Thursday, January 14, 2010

You can always do less

Take a look at these article from 37 Signals:

That's true and it happened to me a lot. Clients always ask for crazy things and is part of our job to organize and minimize the set of 'required things'. Of course he will never understand at first but is part of our job to make them understand that is more important to build simpler versions of the features first, release them, receive feedback and identify the things that are necessary to make the feature a success.

Building Software as a Service lets you update the app easily and effortless and having a community that gives you feedback lets you test new features and make them perfect in future updates. If you do this you'll not work at nights trying to meet deadlines and users will be happy because they feel part of the software development, in fact, they are part.

Is important to have a good way to receive and organize the feedback and feature requests. I recommend Zendesk for that.

Thursday, August 14, 2008

Please take a look at this presentation, this guy from RailsEnvy make you laugh and learn a lot at the same time.

In my opinion the most amazing thing in the video is the comparative between Adaptive and Predictive software development, and he's right, all developers working in fixed price projects have to deal / fight with clients about improvements and non planned things.

Another true statement is that you can never estimate (guess) how much time the project will take, doesn't matter how much experience you think you have in that area. This is because development processes are living things, there are no sure things, clients change their opinions all the time.

With the Agile technique, implemented in the way this guy explains in the video, make developers go from "Hmmm, that's kind of difficult to do, i don't know if I can do that quickly" (because you're thinking in that moment that you're not going to get paid for that improvement, which is true) to "Yeah, awesome idea, let's try that and see how it looks" (because you know his idea is fine and you don't care how much time it takes, you know you're going to get paid for that too).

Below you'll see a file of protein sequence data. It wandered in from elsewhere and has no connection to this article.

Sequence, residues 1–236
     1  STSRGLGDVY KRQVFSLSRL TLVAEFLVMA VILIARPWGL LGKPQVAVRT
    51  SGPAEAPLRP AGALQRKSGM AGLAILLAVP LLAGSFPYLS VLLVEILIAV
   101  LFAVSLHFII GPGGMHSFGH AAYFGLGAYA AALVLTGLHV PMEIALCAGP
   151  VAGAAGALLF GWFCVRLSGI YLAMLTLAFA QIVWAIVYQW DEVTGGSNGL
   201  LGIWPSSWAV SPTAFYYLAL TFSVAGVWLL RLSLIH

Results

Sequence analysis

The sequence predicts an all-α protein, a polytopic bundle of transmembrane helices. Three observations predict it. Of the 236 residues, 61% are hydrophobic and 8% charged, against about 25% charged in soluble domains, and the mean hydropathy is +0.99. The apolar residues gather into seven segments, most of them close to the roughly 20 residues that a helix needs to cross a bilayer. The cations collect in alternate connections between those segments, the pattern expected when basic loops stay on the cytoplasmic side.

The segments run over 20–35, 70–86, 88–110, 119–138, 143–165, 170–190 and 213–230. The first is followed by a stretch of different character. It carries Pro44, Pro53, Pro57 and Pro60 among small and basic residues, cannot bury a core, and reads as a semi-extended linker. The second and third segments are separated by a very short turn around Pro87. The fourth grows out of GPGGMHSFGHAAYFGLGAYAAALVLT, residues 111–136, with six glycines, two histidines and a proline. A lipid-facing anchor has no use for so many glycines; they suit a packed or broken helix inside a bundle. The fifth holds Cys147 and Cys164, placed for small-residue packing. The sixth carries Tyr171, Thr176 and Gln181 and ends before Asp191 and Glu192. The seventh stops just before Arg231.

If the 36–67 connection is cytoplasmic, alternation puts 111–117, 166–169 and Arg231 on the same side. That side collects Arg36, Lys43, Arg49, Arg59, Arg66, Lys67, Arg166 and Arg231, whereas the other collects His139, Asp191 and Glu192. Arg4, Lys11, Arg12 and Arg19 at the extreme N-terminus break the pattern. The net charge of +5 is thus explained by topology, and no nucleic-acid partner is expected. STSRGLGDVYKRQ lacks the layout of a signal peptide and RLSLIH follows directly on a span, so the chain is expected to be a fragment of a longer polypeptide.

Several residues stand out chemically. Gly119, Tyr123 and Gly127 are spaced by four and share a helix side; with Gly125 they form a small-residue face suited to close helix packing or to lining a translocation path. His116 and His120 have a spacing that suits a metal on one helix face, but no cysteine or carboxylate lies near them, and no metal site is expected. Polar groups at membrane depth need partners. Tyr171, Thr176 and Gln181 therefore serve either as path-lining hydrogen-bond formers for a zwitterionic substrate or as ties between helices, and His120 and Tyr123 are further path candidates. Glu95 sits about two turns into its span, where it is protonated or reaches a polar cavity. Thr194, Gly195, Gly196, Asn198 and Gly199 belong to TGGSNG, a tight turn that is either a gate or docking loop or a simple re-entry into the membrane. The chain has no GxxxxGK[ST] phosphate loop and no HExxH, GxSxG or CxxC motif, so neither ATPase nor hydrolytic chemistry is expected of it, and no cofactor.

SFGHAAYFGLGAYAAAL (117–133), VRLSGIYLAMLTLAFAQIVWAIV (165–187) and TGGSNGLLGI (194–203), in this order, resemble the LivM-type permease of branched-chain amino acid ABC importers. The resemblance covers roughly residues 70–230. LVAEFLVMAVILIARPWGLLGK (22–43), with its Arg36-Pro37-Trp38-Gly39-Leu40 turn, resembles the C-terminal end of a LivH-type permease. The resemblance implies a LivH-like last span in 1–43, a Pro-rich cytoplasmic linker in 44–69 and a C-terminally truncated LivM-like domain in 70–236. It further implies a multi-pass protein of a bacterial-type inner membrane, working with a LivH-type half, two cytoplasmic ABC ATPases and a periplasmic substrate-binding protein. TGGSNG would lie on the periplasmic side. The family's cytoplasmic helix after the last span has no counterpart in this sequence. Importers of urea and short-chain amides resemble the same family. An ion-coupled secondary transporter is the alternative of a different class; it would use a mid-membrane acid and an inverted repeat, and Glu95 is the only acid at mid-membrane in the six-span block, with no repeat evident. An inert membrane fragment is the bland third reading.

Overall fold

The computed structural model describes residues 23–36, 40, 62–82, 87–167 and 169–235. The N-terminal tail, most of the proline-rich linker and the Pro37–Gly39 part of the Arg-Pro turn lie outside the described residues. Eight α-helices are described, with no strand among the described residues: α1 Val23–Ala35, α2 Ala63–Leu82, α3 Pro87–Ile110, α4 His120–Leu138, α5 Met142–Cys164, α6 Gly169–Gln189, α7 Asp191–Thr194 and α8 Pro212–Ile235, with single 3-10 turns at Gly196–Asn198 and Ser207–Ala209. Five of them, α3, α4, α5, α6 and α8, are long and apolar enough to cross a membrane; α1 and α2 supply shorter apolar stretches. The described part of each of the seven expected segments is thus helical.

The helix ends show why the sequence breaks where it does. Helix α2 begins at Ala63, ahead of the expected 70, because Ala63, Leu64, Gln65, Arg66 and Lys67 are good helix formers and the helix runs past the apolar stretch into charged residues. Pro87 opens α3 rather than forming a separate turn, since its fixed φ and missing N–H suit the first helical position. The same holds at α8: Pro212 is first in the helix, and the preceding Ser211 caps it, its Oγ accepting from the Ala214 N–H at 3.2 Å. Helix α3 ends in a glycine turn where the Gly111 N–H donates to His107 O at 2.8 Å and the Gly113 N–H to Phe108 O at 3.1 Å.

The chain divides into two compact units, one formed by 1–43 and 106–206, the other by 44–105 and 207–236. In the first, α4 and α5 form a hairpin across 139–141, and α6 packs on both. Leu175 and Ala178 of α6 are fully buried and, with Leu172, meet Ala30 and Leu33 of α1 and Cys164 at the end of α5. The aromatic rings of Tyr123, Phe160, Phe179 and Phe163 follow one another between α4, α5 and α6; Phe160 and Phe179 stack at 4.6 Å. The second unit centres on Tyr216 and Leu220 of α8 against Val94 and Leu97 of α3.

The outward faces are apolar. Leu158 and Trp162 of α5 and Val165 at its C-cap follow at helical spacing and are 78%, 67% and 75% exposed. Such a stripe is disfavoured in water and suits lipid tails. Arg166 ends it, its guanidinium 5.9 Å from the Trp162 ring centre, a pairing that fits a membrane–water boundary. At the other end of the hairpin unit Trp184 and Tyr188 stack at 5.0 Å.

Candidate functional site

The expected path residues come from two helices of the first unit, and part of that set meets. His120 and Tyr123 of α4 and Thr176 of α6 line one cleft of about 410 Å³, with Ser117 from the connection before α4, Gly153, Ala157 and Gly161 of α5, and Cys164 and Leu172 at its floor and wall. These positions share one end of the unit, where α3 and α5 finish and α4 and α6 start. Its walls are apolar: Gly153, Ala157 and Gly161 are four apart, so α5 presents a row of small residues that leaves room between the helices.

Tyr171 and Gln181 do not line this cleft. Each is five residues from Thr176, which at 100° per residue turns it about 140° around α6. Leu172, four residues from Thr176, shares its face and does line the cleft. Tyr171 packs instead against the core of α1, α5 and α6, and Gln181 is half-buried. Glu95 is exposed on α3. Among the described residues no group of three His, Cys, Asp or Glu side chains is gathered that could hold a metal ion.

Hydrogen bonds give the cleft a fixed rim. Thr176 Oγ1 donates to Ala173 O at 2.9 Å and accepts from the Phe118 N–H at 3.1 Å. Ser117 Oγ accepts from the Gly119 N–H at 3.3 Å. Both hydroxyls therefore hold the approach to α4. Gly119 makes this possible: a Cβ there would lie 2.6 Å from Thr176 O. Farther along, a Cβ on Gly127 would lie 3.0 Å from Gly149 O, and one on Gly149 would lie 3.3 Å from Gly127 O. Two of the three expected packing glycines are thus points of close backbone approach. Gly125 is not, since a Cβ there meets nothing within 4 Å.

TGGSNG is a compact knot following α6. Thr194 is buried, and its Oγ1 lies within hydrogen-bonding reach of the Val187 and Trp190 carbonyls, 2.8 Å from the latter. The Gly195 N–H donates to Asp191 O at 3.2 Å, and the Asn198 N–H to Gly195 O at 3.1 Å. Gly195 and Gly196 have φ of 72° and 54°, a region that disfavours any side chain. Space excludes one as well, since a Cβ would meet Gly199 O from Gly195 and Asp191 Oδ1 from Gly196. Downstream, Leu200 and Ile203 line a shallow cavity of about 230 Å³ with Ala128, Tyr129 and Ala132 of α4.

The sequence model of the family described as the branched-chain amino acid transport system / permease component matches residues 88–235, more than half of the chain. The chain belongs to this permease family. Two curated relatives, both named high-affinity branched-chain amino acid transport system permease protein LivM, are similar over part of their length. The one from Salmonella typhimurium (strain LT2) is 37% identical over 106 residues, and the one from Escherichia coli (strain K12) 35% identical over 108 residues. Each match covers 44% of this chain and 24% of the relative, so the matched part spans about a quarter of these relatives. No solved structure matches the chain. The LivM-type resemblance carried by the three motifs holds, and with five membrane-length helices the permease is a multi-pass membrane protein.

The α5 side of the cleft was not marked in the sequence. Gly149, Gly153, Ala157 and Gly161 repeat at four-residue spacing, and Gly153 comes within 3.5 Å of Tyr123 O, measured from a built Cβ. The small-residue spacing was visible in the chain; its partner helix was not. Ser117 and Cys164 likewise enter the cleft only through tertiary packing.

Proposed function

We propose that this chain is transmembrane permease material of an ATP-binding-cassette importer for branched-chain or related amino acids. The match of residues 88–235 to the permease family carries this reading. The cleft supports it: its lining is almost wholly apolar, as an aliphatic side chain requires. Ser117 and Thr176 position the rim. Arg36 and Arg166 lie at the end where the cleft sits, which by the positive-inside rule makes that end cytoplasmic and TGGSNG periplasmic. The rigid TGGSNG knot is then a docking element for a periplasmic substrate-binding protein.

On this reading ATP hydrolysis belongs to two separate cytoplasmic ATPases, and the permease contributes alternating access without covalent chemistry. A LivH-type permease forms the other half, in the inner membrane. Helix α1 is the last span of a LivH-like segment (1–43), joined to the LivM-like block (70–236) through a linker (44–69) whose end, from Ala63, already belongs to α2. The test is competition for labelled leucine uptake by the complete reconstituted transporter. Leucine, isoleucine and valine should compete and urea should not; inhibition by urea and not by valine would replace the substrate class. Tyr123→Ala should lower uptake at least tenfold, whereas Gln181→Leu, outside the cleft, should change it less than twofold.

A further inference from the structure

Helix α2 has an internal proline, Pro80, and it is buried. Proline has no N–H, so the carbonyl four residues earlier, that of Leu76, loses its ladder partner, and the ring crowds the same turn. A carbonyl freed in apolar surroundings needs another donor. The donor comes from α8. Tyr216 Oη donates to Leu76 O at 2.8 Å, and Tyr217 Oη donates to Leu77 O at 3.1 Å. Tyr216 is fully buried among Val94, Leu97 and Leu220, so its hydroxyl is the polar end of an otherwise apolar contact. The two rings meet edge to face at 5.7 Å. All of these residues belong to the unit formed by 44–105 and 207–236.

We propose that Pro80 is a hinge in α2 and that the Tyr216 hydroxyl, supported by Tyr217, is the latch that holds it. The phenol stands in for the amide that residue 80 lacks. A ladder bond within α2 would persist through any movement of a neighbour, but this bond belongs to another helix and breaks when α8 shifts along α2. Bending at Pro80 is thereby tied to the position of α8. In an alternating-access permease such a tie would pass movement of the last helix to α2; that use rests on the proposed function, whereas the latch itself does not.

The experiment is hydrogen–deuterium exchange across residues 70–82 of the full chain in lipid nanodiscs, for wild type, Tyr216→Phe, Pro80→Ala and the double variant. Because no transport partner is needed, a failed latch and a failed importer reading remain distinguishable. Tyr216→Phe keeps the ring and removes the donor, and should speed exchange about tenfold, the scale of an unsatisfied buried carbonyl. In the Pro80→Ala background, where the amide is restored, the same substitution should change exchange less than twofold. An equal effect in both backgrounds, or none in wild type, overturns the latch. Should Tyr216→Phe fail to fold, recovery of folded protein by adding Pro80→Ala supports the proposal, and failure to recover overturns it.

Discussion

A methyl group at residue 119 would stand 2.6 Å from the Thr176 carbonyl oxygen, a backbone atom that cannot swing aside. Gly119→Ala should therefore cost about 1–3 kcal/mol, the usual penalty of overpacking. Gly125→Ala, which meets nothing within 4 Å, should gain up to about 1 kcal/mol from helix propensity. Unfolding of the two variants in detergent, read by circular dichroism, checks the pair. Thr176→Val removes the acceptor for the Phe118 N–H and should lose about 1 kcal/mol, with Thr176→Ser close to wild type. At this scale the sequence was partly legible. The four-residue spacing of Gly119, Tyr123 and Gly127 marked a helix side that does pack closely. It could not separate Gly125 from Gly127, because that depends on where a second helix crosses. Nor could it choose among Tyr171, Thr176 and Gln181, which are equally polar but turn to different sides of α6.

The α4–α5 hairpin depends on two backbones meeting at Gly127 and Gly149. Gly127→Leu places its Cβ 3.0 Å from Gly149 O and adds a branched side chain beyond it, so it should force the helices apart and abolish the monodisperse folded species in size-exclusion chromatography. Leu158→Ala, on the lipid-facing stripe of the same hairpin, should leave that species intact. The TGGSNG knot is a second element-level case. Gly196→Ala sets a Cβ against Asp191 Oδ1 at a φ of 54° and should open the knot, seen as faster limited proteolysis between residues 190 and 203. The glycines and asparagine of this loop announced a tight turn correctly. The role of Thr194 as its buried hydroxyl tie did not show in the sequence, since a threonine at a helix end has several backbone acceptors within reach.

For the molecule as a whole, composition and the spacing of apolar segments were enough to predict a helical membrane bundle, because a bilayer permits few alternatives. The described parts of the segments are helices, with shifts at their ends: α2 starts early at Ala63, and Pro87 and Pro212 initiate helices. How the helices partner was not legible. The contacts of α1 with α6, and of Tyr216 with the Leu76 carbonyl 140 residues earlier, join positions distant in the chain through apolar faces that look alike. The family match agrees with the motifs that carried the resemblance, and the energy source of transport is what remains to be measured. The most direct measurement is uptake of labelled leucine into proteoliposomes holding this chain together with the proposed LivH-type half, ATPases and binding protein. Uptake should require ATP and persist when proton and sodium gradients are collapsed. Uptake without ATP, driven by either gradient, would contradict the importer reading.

In a nutshell, I think this guy is trying to say, get paid hourly and not for a fixed price.

Sunday, April 20, 2008

David Heinemeier Hansson, the creator of Rails, gave a talk on the startup school. Take a look at the video, is really interesting:

He says "Stop trying to create the next Facebook or the next MySpace", "There are a lot of other small apps that can make you earn enough money to make you live in peace"

He's so right, some people spend their lives trying to hit a home run or trying to create the application of their dreams. Why don't just create something good enough for a bunch of potential users and earn some money from them. If it becomes bigger... great, it not, we have another income.

Monday, April 07, 2008

Soooo agree with this article:

In my last project, we decided to follow an iterative plan (without knowing it had a name), focusing on the main features and not on details, just trying to close the entire worklow as quick as possible.

By the end of the second week of development we had the workflow ready (very ugly, with uncompleted forms, no ajax at all, a lot of bugs, etc).

The customer saw it and he couldn't believe how fast we prove his idea.

From that moment we started working on details knowing that we were on the rigth way and with a customer seeing improvements daily.

Everyone was happy from the second week.

At least for me.... it worked